• have on the board an owner of the Oracle database, which houses the premises registration information.  
  • Could they not then extract royalties from all those producing raw milk from grass fed stock based on the data mining achieved by premises registration?

Out of that rabbit hole Alice!!!  Too much for a simple man standing on the land, such as myself. 

After the trial, folks milled around outside the courtroom dis”cussing” the situation.  Duane Brandner appeared on the scene.  Compliance officer for DATCP, he is the one sent farm to farm informing people they are to be charged although no protective clothing is worn by Duane and his accomplices while visiting these properties to prevent disease spread.  He held out his hand and said “How are you doing Paul?” I refused his handshake and stated that I wouldn’t shake hands with a government official that had entered my property without a warrant.  My hypocrisy only goes so far.

I raised the question of the validity of the disease control claim pursuant to the testimony given at the Emanuel Miller hearing.  Duane countered as to how the NAIS system would make it easier for him to do his job tracing disease and cited an example of a recent TB situation in dairy cattle brought in from out of state.  Manuel Bahr piped up and stated “Yeah, easier for you, at our expense”.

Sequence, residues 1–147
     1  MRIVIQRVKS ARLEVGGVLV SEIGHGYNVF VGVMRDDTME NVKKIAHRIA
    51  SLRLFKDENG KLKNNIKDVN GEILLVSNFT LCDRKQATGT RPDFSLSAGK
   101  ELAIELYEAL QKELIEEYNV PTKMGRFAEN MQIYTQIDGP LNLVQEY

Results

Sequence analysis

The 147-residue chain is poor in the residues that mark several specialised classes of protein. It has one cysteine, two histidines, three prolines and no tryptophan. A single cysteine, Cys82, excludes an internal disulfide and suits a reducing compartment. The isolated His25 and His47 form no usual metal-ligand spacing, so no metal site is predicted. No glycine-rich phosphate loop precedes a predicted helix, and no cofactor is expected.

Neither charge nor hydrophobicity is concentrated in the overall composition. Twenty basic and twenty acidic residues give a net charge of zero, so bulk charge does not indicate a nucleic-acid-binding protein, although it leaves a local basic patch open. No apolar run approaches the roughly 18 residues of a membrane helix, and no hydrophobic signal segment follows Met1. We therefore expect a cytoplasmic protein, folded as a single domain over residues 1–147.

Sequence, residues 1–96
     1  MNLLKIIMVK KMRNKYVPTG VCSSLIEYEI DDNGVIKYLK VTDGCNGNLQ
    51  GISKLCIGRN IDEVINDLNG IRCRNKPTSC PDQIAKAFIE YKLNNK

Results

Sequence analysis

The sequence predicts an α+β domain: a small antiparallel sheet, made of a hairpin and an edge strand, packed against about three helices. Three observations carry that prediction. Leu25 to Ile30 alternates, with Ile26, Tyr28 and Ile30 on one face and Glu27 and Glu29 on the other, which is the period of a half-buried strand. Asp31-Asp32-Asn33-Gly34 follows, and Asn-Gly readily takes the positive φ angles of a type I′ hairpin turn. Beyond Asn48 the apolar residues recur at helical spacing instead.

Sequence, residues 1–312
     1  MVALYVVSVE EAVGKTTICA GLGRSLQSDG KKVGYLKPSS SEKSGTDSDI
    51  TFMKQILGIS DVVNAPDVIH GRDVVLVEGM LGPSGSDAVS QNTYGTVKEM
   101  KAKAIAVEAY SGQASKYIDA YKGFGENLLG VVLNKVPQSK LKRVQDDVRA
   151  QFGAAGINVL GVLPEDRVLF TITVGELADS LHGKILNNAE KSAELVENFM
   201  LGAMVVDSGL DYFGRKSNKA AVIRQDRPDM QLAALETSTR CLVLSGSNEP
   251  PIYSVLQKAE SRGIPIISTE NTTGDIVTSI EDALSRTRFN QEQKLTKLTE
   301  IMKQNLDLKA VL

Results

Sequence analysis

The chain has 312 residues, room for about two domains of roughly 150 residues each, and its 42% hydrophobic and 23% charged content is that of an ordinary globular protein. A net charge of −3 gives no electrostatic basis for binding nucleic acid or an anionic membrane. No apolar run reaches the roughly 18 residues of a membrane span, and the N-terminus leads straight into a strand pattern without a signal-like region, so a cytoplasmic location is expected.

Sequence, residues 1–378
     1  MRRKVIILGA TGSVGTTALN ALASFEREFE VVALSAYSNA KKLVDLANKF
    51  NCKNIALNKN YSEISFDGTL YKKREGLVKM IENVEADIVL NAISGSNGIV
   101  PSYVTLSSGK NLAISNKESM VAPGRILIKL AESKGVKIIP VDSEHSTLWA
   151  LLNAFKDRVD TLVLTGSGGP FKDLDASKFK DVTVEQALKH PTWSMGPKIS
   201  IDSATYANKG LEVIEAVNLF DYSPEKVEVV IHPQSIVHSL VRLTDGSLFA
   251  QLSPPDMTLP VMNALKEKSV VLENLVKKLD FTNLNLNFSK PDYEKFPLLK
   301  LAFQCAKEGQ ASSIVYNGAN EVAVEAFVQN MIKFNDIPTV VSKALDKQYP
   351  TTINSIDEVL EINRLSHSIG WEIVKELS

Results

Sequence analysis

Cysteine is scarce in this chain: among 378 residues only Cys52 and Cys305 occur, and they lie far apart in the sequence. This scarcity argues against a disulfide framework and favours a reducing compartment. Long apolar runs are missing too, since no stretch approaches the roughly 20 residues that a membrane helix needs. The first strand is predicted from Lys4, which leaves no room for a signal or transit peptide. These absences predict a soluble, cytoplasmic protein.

I questioned Duane about dairy cattle being brought in from Canada with RFID tags and how I had heard the tags were being removed and that when the cattle are sold, the markets weren’t checking for the required tattoos in the ear, because the cattle are being sold under US Country of Origin affidavits.  To which Duane replied “Yes I know but dairy is big business in this state”, with that he hung his head and left. 

So, dairy cattle from Canada with an in place RFID system are being sold to consumers as US beef.  I guess NAIS only works when it profits the right people.  

The words spoken by DATCP inspector Edgar Salsbury decades before still ring true, in regards to the application of the law “I work for an outfit that screws the little guy, and lets the big guys get away with murder.”

As a side note:

It seems as if I’ve offended some folks involved with the anti NAIS movement.  To quote Carl Barnes “If you can’t motivate them, irritate them, they’ll heal”, and Kenny Fox chair of R-CALF’s animal id committee, “that’s what we like about you Paul, you don’t care who you have to walk through to get the job done.”

__________
action in rem (in rem). 1. An action determining the title to property and the rights of the parties, not merely among themselves, but also against all persons at any time claiming an interest in that property; a real action. [Cases: Action 16. C.J.S. Actions §§ 10-12, 66, 69, 71-72, 74-77.] 2. Louisiana law. An action brought for the protection of possession, ownership, or other real rights in immovable property. La. Civ. Code arts. 3651 et seq. 3. Louisiana law. An action for the recovery of possession of immovable property. La. Civ. Code art. 526. — Also termed (in Roman law) actio in rem; actio realis; real action. Pl. actiones in rem. See IN REM. 4. An action in which the named defendant is real or personal property.

Cite as: BLACK’S LAW DICTIONARY 31 (8th ed. 2004)